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Home > Reviews > Fraud, Corruption and Sport

Fraud, Corruption and Sport

Author Graham Brooks, Azeem Aleem and Mark Button

ISBN No 9780 230 299788

Review date 17/10/2019

No of pages 206

Publisher Palgrave

Publisher URL http://www.palgrave.com/products/title.aspx?pid=504671

Year of publication 22/05/2014

Brief

http://www.palgrave.com/products/title.aspx?pid=504671

Fraud, Corruption and Sport: by Graham Brooks, Azeem Aleem and Mark Button. Published 2013 by Palgrave. Hardback, 206 pages, £55, ISBN 9780 230 299788. Visit www.palgrave.com.

Our Review

price

£ 55

We like to think our sporting heroes are different - it turns out they are not, according to a book on fraud and corruption in sport.

This book comes from academics at the University of Portsmouth, a city that has seen its football club drop from the first to the fourth tier, as it’s entered administration (twice) and had points deducted. As stewards know from securing matches, people get worked up about ‘their’ team in a way they don’t about a cinema, or a bank. Talking of banks, as with the general banking crash, it’s a moot point where bad business decisions end and wrong-doing begins. Whereas banks have a regulator, sports don’t co-operate over common problems of elite athlete doping and match-fixing, a problem early on identified in this book. It covers a good range of sports besides the obvious football and cricket - horse racing, basketball, baseball and boxing. While fans may find it hard to accept that ‘their’ club is a business, the book makes plain that sports share the risks of fraud and corruption of staff faced by any business. Why do fraudsters do it - above all, well-paid sportsmen, risking their careers and reputation? It makes a welcome change to read about sport without enthusiasts getting passionate and one-sided, and to apply study of fraud in general to the sports sector. The parallels abound. For instance, do sports bodies really want to hear about corruption, and risk losing sponsors? And as sports become ever more international, who’s in charge? Take cricket - the international cricket body the ICC’s anti-corruption unit was set up and staffed by former UK police; but do national bodies want to know of wrongs on their patch?! Certainly whistle-blowers feel that they have to resort to what the authors term the ‘nuclear option’ of leaking to the media, ‘which has a record of exposing corruption and often seems a far more effective regulatory body than many sporting institutions’ internal integrity processes’.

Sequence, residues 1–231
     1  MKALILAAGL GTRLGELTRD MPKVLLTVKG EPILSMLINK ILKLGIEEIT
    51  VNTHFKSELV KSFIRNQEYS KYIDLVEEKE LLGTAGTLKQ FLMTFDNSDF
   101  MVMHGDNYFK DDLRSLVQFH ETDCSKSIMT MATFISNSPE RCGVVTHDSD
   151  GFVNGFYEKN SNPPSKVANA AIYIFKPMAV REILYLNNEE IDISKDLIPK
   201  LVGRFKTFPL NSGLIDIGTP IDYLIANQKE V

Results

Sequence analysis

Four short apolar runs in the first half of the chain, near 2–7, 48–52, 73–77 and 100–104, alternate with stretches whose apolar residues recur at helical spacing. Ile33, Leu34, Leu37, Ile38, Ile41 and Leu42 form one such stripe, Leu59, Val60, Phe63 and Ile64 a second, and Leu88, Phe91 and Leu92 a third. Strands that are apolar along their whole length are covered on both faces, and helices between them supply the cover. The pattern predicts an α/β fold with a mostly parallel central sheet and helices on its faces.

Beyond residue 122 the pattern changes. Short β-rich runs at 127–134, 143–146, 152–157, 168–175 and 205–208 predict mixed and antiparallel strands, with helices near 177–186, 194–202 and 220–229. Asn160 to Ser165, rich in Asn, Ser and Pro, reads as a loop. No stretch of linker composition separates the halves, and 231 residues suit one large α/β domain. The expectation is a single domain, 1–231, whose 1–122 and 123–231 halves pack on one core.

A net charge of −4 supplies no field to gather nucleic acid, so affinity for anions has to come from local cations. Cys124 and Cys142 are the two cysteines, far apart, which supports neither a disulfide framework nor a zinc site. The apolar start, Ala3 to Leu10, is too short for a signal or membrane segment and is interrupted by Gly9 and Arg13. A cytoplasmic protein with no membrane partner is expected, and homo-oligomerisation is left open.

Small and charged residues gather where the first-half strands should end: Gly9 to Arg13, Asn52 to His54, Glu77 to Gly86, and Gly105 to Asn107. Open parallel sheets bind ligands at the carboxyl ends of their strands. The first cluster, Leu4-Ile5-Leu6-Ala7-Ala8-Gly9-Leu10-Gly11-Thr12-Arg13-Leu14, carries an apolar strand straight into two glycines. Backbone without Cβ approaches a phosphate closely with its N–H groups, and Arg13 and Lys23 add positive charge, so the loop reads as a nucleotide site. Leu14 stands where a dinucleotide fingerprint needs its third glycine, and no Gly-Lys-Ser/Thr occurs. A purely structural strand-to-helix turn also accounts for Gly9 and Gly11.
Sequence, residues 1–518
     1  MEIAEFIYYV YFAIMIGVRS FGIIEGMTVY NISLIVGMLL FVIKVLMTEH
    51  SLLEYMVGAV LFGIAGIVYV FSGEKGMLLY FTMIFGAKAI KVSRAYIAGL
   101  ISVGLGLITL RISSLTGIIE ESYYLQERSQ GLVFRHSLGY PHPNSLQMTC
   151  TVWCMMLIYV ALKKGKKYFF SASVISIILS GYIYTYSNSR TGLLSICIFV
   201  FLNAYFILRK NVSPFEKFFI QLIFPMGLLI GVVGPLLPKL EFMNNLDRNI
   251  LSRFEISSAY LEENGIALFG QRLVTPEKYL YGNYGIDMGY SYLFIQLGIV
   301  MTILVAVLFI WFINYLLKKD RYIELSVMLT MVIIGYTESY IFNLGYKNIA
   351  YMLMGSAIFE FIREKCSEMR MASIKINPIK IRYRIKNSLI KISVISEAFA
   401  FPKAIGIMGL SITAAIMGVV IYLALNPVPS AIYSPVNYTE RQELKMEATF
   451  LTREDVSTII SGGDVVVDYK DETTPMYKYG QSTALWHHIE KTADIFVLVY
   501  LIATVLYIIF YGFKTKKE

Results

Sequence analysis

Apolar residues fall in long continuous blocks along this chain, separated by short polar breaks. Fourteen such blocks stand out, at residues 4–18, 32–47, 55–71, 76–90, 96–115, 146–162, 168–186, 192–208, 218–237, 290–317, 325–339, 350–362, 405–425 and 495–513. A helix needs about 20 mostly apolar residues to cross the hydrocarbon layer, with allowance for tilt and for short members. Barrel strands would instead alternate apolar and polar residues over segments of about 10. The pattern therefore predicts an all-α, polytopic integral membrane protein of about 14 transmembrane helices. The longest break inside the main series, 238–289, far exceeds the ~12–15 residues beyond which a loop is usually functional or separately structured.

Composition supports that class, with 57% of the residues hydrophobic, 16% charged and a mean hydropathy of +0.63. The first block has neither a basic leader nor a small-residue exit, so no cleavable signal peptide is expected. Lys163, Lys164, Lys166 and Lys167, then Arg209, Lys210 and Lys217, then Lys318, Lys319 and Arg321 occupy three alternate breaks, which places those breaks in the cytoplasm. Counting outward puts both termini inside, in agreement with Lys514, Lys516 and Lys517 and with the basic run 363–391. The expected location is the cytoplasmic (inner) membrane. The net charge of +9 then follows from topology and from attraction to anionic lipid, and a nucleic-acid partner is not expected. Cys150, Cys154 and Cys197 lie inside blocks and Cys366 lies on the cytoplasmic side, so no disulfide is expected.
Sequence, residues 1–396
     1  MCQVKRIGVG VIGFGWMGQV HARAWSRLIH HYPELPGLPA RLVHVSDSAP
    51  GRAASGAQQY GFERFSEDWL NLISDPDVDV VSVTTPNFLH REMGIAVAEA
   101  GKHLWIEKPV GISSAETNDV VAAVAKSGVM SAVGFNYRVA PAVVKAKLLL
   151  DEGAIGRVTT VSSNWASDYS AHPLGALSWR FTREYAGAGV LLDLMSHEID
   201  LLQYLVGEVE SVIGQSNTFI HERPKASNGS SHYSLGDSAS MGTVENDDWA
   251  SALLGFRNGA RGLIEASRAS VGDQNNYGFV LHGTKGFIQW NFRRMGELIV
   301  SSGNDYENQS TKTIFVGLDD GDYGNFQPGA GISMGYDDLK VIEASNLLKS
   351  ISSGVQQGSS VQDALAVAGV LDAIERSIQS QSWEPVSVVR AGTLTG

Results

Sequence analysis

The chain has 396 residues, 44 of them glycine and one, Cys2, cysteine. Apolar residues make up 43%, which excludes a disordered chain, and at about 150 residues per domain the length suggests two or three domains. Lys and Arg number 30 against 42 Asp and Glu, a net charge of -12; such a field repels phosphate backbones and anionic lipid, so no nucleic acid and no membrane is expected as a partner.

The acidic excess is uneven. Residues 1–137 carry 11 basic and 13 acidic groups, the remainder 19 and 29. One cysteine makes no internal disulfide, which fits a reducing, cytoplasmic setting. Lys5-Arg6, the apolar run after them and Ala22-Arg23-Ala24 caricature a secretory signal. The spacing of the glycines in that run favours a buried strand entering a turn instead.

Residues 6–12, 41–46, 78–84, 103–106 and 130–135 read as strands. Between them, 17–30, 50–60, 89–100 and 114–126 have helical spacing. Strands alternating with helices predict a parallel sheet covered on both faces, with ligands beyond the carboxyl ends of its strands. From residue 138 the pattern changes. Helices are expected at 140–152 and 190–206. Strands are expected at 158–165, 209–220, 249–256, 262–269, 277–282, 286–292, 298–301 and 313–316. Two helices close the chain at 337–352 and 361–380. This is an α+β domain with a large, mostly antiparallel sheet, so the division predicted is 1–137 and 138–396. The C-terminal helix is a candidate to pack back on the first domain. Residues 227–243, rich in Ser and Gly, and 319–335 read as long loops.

Fraud, Corruption and Sport: by Graham Brooks, Azeem Aleem and Mark Button. Published 2013 by Palgrave. Hardback, 206 pages, £55, ISBN 9780 230 299788. Visit www.palgrave.com.